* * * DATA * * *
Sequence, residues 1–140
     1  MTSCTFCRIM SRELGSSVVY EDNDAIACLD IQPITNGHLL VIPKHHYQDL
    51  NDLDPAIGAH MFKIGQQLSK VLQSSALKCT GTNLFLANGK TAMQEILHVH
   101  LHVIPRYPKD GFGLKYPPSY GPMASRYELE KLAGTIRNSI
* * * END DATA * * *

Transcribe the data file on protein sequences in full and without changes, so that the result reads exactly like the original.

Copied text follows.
Sequence, residues 1–140
     1  MTSCTFCRIM SRELGSSVVY EDNDAIACLD IQPITNGHLL VIPKHHYQDL
    51  NDLDPAIGAH MFKIGQQLSK VLQSSALKCT GTNLFLANGK TAMQEILHVH
   101  LHVIPRYPKD GFGLKYPPSY GPMASRYELE KLAGTIRNSI